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Raw ambition
By Alistair Magowan

If the LTA were looking for a way to pre-stage the launch of a new look to youth tennis, then Andy Murray's claim that the governing body ruined his brother's career might not have been top of their list.

Andy Murray shows off his keepy-up skills
Murray is backing the scheme to take tennis to the streets

But this, the LTA claims, is a revolution.

Raw Tennis is a bold attempt to give tennis a more urban edge - ditching the whites and plugging in the stereo.

Murray said: "What happened to my brother was six years ago, and the LTA has changed its system since then.

"I don't have a problem with what the LTA is doing now."

Murray turned up to a multi-story car park deep in the heart of London's Soho area in a baggy tracksuit and badly in need of a haircut.

Which meant he fitted in perfectly with the new image the LTA are aiming to give tennis for 10-18 year olds.

While the venue, DJ and clothing provided the style, the substance of Raw Tennis came from a dynamic display of exercises, skills and team games.

No sooner had Murray declared his preference for Usher and 50 Cent than he was on court catching tennis balls in the press-up position and showing off his ball juggling skills.

"Raw Tennis will probably double the amount of kids playing the game because it's a lot more fun than normal," he said.

"Practising new tricks is cool. It's not about being the best in your club, it's about fun as well. It should keep teenagers playing.

"Growing up when I saw Wimbledon it was always the old-boy set-up - it didn't look that much fun for the younger kids.

"But anyone can play Raw Tennis anywhere - in the street, in a back yard or on a football pitch. I'm really happy to promote this program. The LTA have organised it very well."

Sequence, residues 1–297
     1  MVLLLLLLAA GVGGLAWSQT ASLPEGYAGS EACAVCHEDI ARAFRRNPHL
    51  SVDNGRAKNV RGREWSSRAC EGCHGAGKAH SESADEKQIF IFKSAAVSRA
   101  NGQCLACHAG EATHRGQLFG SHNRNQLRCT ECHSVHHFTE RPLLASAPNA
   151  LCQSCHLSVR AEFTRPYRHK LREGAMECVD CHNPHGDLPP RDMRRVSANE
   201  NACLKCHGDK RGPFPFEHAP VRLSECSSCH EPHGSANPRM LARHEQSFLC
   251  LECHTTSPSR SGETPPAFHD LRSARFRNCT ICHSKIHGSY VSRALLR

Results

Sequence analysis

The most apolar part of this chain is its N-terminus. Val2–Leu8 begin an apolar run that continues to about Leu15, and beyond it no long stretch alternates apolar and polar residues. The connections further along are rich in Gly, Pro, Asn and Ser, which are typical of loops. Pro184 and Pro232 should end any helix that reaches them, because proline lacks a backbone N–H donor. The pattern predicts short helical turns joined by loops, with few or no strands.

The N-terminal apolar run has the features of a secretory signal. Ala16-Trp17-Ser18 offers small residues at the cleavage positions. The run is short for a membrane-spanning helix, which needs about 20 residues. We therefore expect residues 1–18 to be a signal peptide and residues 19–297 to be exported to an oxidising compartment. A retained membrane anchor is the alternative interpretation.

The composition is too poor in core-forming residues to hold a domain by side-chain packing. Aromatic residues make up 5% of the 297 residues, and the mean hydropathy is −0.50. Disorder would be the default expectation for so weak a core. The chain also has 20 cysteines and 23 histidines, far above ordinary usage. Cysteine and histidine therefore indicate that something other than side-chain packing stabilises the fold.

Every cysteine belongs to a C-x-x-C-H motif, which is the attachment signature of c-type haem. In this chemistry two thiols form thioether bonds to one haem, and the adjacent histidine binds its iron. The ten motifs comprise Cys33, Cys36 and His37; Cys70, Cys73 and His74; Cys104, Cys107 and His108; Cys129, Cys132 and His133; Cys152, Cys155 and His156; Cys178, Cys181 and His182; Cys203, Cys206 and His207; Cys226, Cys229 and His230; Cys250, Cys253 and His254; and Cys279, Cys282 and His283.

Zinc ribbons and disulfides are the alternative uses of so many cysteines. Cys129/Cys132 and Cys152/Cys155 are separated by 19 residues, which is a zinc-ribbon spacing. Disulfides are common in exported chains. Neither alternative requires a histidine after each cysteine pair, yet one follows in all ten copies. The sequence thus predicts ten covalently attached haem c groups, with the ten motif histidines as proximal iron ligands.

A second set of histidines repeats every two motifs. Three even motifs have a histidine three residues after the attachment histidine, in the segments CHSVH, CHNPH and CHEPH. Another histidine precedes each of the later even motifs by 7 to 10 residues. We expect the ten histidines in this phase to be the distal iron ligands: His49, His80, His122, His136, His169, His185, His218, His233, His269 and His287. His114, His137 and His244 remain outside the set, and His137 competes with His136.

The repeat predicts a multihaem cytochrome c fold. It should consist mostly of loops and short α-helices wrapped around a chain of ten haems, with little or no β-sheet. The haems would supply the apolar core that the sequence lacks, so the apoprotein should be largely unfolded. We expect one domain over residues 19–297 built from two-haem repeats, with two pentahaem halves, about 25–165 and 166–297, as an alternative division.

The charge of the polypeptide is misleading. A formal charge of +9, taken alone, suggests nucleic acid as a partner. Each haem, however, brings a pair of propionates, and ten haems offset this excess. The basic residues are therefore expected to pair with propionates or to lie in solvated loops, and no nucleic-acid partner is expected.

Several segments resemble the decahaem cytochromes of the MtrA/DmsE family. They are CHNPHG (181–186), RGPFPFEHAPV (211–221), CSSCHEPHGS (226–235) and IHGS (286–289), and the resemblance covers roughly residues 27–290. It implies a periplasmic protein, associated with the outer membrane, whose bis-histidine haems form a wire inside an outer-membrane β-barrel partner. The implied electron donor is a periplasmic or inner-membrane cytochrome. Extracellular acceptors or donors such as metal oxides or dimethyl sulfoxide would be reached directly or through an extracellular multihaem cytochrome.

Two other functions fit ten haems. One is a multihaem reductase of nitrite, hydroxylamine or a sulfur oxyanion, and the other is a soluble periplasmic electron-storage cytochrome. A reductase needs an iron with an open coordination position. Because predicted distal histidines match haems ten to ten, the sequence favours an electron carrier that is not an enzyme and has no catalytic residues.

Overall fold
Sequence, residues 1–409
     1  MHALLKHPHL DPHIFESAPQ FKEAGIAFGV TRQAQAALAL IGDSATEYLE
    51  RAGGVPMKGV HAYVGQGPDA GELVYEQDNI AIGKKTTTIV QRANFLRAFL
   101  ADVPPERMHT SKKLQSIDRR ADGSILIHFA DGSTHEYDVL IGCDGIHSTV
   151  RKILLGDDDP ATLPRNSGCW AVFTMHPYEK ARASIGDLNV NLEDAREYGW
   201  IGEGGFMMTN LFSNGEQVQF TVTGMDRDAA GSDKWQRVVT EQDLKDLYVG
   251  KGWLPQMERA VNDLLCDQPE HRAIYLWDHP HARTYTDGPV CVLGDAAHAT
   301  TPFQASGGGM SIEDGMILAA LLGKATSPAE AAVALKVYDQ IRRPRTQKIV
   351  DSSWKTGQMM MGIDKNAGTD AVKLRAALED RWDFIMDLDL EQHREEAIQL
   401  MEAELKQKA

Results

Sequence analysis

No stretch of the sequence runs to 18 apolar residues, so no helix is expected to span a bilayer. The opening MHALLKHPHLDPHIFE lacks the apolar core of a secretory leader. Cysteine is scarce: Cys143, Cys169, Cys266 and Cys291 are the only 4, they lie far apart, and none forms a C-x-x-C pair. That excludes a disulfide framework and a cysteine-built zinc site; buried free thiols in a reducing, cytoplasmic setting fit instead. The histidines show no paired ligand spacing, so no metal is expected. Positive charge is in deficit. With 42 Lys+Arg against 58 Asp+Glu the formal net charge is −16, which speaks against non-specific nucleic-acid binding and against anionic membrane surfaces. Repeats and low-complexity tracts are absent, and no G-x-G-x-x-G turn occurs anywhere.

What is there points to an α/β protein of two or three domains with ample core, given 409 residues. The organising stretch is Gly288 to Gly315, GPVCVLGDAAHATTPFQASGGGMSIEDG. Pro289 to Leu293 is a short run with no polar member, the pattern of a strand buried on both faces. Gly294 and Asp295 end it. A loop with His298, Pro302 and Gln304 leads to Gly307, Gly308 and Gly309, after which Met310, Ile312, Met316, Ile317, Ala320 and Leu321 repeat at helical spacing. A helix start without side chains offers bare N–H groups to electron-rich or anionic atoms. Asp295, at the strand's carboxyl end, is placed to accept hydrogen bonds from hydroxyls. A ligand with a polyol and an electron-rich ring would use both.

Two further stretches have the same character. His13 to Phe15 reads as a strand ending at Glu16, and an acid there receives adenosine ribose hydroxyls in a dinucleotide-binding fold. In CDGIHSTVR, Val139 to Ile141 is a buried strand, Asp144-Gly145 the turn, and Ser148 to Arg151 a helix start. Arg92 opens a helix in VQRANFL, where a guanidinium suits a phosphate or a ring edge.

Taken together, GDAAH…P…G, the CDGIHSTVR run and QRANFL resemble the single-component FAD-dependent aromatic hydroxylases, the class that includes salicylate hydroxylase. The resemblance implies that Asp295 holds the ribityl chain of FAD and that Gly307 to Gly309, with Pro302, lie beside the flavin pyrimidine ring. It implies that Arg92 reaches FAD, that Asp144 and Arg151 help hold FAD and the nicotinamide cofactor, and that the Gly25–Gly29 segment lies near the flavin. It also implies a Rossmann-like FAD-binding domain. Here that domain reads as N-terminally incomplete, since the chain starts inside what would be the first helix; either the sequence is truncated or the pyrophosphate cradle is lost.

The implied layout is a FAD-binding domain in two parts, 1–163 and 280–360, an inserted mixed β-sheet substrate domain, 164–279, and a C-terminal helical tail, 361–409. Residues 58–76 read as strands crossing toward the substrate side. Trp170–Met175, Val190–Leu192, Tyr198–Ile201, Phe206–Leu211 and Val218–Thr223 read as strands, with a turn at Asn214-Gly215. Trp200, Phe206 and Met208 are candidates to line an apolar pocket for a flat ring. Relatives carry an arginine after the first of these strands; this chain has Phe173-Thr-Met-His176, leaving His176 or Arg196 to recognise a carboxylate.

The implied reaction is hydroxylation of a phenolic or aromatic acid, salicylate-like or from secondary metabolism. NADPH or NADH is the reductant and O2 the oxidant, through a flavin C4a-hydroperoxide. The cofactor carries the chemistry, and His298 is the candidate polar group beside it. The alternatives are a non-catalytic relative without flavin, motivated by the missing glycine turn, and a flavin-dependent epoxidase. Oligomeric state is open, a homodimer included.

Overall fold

Anya
Anya likes the fact that Raw Tennis is free

Murray proved annoyingly talented when he showed off his football skills by catching a tennis ball on the back of his neck and between his shoulder and his ear.

And the move away from just hitting the ball over the net is proving popular amongst those who've tried it.

16-year-old Robert said: "I've learnt the tricks just messing around between points in matches and at training.

"I like the freestyle side to it, just trying new things. Spectators are impressed and the showboating side of things gives you a buzz too."

Ruth, 14, from Essex was equally impressed with Murray's skills and liked the style of the new scheme.

She said: "My club prefers it if we wear tennis clothes but I think now this has started we'll be able to wear more normal clothes."

Anya, from East London added: "I think it's a really good idea. Not only is it free but you can wear anything, turn up whenever you like and you don't have to be a top player either."

Dominic
Dominic thinks Andy Murray will be good for British tennis

Admittedly Raw Tennis isn't going to turn youngsters into champions but it should broaden the base from which players begin and improve their skills.

Dominic, a coach from Hertfordshire, said: "I think it's a fantastic idea, especially for juniors who aren't going to be brilliant.

"It really gives them something to work towards with the targets and the skills, it makes tennis a little bit more cool for 10-18 year olds.

"Murray's going to be good for the game. He's got that style about him - cool, laid back but still fun."

Whatever his achievements on the Grand Slam circuit, Murray is already proving a valuable, if raw, asset for the future of British tennis.



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